All this added equipment and regulatory performance mandated a new allocation of MB resources and the basic machine suffered. This happened, in my opinion, independent of Lexus, Infinity and Acura mounting a new challenge. The result is a machine with some of the old flashes of brilliance in terms of the basic machine, but many more compromises that really disturb guys like you and me. But those flashes of brilliant design, manufacturing and assembly capabilities keep me addicted.

In my opinion the flashes are getting fewer and further between with the later cars. The W210 E300D Turbodiesel is an example. If the power plant didn't exist, the car would not represent much more than what other makers offer, and some with greater reliability. I hope Mercedes recognizes the issue, but the shorter development time between models, and the proliferation of models makes me wonder. But then again, maybe we are the oddballs here, expecting cars to last half a million miles without having every part replaced a couple of times along the way. I like the new products and look forward to the new E320 CDI TurboDiesel. My 1998 will be my advisor in this issue. If it turns into a huge money hole, I am probably going to find another make. Or stick to old MBs. Good luck, Jim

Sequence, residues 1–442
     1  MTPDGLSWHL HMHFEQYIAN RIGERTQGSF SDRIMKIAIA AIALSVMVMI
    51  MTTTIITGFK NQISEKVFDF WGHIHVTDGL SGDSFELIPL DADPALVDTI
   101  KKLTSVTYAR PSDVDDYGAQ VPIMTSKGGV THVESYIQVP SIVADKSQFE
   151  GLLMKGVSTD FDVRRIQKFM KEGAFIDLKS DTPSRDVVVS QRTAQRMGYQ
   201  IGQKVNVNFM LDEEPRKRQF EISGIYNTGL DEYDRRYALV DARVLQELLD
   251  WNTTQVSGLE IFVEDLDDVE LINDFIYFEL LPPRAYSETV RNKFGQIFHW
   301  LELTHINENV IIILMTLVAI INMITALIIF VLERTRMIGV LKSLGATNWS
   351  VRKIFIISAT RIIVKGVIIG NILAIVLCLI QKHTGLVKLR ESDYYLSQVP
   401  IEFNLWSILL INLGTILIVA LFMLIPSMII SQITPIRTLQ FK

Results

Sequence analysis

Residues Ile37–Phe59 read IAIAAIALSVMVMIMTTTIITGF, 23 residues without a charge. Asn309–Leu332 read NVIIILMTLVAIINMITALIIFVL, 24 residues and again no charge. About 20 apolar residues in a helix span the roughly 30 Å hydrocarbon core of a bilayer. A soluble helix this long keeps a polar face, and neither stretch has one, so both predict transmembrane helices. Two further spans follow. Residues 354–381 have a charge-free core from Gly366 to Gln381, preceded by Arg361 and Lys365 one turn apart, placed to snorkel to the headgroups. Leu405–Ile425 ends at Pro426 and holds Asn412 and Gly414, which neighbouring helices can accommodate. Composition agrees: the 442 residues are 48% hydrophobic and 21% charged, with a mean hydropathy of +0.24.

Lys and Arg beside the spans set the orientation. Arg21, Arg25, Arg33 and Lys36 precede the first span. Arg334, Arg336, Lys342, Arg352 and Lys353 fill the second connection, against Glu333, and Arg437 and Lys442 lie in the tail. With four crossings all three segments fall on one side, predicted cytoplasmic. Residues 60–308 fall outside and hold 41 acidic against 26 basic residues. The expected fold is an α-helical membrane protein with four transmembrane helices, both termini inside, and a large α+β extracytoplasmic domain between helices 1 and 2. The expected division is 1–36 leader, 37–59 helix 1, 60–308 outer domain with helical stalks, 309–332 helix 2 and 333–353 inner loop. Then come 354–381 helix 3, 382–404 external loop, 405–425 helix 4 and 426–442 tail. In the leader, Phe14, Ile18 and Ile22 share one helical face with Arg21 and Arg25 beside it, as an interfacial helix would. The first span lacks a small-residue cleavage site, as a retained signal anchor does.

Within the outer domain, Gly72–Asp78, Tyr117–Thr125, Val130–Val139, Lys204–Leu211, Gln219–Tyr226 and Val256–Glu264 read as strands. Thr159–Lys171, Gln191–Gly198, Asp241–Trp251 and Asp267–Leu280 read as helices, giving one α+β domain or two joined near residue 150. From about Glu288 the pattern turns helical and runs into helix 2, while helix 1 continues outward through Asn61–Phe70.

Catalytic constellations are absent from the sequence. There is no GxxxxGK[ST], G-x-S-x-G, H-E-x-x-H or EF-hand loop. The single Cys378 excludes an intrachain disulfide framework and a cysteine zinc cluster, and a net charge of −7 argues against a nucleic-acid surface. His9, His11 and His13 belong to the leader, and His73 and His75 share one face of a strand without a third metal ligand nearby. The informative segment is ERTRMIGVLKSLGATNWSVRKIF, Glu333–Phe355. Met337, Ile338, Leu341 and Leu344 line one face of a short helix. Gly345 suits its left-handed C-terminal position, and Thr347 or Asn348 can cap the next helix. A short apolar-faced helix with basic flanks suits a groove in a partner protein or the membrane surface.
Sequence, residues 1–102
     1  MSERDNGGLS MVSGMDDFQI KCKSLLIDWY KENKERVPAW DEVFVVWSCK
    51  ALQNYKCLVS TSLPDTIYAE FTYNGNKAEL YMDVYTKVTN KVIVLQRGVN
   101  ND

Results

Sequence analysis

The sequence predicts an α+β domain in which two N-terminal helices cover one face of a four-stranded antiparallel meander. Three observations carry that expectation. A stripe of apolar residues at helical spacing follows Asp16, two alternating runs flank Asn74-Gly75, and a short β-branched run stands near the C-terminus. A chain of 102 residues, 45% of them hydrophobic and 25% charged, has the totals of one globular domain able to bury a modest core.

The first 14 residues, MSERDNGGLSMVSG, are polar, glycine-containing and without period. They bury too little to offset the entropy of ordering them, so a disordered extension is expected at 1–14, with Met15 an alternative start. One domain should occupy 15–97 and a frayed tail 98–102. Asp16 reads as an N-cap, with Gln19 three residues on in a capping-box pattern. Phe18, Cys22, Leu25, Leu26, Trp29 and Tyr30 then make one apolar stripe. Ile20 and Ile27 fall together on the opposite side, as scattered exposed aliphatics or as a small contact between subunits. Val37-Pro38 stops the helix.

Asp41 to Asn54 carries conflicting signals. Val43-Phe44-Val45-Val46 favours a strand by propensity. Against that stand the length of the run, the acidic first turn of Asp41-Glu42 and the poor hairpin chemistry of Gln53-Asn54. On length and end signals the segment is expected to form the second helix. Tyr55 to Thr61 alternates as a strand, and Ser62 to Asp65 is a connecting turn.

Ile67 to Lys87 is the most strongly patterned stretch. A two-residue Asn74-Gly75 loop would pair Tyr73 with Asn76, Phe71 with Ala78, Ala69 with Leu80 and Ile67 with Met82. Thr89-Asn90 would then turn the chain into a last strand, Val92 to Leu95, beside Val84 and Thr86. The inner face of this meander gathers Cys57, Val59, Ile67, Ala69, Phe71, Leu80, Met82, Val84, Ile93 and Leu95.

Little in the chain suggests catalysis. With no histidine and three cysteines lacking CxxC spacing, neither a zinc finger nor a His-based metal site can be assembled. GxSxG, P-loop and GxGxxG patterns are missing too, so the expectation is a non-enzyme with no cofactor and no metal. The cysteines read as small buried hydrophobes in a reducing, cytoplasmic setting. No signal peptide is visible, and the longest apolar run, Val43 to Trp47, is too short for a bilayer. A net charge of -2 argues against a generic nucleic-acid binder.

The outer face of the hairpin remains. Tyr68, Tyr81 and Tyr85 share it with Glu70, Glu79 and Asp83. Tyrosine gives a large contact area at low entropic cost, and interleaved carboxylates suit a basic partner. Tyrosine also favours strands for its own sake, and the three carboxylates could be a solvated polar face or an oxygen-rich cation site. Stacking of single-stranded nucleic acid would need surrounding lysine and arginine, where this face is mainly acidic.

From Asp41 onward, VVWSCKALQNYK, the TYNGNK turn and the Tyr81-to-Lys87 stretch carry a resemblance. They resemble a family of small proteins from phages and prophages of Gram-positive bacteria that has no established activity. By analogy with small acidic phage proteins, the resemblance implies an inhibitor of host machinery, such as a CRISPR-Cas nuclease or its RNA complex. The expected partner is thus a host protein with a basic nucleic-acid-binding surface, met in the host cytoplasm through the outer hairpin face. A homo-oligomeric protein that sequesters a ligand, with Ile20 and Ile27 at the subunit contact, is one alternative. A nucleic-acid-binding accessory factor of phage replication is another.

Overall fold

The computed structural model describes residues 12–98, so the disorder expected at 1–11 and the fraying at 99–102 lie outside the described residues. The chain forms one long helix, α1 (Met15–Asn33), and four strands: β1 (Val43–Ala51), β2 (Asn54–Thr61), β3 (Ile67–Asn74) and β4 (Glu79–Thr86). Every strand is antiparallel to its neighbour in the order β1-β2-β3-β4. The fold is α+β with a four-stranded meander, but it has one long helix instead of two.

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Own:
1986 Euro 190E 2.3-16 (291,000 miles),
1998 E300D TurboDiesel, 231,000 miles -purchased with 45,000,
1988 300E 5-speed 252,000 miles,
1983 240D 4-speed, purchased w/136,000, now with 222,000 miles.
2009 ML320CDI Bluetec, 89,000 miles

Owned:
1971 220D (250,000 miles plus, sold to father-in-law),
1975 240D (245,000 miles - died of body rot),
1991 350SD (176,560 miles, weakest Benz I have owned),
1999 C230 Sport (45,400 miles),